Hey there, time traveller!
This article was published 24/7/2013 (1036 days ago), so information in it may no longer be current.
VANCOUVER -- Entrenching victims' rights in legislation will help those affected by crime get on with their lives, says Canada's new justice minister.
Victims "very often, sadly, feel that they are re-victimized, or feel that in fact the system is failing and doesn't meet their needs," Peter MacKay said Wednesday in Vancouver before leading a round-table discussion about the Tory plan for a bill of rights.
MacKay said the rights bill, expected to be tabled this fall, will give victims some comfort and a louder voice in the justice system.
MacKay, a former Crown prosecutor, was appointed attorney general and minister of justice in last week's cabinet shuffle. He said Wednesday that throughout his legal career he has seen how victims are sometimes poorly served by the court.
"I remember a few years ago running into an officer that I had done a number of high-profile cases with and he was wearing a little fish hook on his uniform," MacKay said. "And I said, 'What does that fish hook signify?' And he said, 'Catch and release.' He said that's what we're doing."
"He was wearing (the hook) on his uniform because of such a deep sense of frustration with the system," MacKay said.
Although he would not comment on specific cases where victims have not been served by the court, MacKay said there are instances where he questions whether justice was done.
However, one of Canada's top criminal law professors is concerned that a victims' bill of rights will do little for victims, while potentially making the criminal justice system more difficult to operate.
There are "victims' bills of rights at the provincial level, and I guess one of my concerns about many of them is that they're really kind of toothless tigers," Kent Roach, a law professor at the University of Toronto, said.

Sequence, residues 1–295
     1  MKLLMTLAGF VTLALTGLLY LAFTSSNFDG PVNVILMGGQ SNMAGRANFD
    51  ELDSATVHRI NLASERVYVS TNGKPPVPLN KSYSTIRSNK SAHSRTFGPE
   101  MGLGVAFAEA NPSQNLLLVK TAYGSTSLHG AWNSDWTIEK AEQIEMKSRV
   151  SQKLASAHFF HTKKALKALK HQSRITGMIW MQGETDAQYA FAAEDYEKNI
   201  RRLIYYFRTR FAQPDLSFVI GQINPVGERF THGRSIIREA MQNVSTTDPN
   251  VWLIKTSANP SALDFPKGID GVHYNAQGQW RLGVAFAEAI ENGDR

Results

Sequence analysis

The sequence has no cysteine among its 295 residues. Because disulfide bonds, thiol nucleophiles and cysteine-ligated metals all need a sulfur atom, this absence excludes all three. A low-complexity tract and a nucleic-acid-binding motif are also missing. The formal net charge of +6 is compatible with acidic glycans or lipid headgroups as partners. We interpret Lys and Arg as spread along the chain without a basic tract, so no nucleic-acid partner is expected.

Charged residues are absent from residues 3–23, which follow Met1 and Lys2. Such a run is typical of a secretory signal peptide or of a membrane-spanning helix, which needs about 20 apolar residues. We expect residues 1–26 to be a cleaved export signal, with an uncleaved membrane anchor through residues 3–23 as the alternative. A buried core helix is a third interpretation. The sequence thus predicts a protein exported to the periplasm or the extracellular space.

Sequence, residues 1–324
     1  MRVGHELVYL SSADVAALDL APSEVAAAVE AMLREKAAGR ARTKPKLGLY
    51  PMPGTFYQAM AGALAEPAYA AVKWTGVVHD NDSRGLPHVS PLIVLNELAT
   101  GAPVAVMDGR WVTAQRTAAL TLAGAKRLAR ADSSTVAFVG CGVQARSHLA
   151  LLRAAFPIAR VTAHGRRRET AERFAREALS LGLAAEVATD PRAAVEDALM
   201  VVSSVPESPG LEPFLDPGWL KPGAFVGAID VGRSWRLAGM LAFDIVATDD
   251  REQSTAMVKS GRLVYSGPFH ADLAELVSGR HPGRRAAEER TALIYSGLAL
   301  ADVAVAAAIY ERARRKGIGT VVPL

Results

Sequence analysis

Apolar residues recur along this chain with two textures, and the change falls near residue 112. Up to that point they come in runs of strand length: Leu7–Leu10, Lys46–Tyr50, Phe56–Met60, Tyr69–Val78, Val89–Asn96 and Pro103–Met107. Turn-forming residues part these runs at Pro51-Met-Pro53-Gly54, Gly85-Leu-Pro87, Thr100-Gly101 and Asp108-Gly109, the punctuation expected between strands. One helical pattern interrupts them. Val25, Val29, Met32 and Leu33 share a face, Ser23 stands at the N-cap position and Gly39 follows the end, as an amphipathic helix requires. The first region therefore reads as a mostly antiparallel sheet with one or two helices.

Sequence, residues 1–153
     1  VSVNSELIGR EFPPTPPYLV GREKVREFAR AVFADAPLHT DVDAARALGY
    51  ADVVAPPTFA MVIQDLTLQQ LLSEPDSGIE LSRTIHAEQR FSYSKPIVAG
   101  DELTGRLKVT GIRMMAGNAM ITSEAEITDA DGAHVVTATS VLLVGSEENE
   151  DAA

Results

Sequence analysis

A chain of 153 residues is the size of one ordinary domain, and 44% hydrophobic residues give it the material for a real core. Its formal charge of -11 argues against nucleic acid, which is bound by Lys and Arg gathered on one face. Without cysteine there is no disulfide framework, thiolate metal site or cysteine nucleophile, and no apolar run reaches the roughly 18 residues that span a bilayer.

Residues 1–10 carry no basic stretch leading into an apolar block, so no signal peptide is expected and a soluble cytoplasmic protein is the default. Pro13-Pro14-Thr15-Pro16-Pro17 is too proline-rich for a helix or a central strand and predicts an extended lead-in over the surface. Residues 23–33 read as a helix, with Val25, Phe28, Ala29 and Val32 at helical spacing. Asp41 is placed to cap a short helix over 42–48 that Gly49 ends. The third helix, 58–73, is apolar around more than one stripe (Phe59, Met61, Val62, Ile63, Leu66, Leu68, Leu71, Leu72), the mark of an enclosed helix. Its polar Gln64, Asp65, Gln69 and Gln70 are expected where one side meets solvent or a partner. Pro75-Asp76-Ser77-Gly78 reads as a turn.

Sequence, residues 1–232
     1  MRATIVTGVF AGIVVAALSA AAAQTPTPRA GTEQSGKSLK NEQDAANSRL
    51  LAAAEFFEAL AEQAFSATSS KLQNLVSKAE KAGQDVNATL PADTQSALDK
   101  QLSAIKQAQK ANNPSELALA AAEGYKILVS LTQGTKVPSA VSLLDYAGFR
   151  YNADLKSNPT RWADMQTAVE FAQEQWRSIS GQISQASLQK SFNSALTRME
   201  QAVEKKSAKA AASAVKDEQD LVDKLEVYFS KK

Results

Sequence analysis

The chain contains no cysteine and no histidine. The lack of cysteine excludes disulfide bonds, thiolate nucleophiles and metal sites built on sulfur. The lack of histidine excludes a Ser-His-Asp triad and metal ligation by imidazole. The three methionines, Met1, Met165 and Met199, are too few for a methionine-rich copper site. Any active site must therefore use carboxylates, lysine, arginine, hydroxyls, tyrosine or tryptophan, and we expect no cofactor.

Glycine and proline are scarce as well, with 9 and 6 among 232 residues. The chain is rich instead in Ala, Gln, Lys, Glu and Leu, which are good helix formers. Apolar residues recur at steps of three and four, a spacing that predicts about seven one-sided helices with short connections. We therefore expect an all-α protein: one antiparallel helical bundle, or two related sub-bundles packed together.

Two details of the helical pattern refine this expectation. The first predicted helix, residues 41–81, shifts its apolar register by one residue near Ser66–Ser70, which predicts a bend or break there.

"Governments are often quick to proclaim the rights of victims, but much more reluctant to give victims enforceable rights."
Some victims do want a punitive approach to crime, he said.
"But I think if we took victims' participation and satisfaction seriously in the criminal process, this would actually impose a lot more duties on police, prosecutors, judges.... Is this something that is really going to assist victims, even at the expense of making the criminal justice process less efficient, or is this something that is really window dressing and allows the criminal justice system to continue in a way that frankly often doesn't treat crime victims very well."
Roach noted many victims' services fall under provincial jurisdiction, raising complex issues about federal-provincial relations and what the role of a federal bill of rights would be.
The law professor said he will wait and see what the bill of rights includes when it is introduced in Parliament, but added that a potentially more effective alternative would be providing more money to victims' services.
Angela Marie MacDougall is the executive director of Battered Women's Support Services in Vancouver. She said while the current justice system often fails to help women who are victims of gendered-based violence, she's not convinced a victims' bill of rights will solve the problem.
"Any generic bill of rights would fail to meet the needs of women victims of crime, particularly sexual violence," she said, because specific provisions regarding violence against women would have to be included for it to be meaningful.
-- The Canadian Press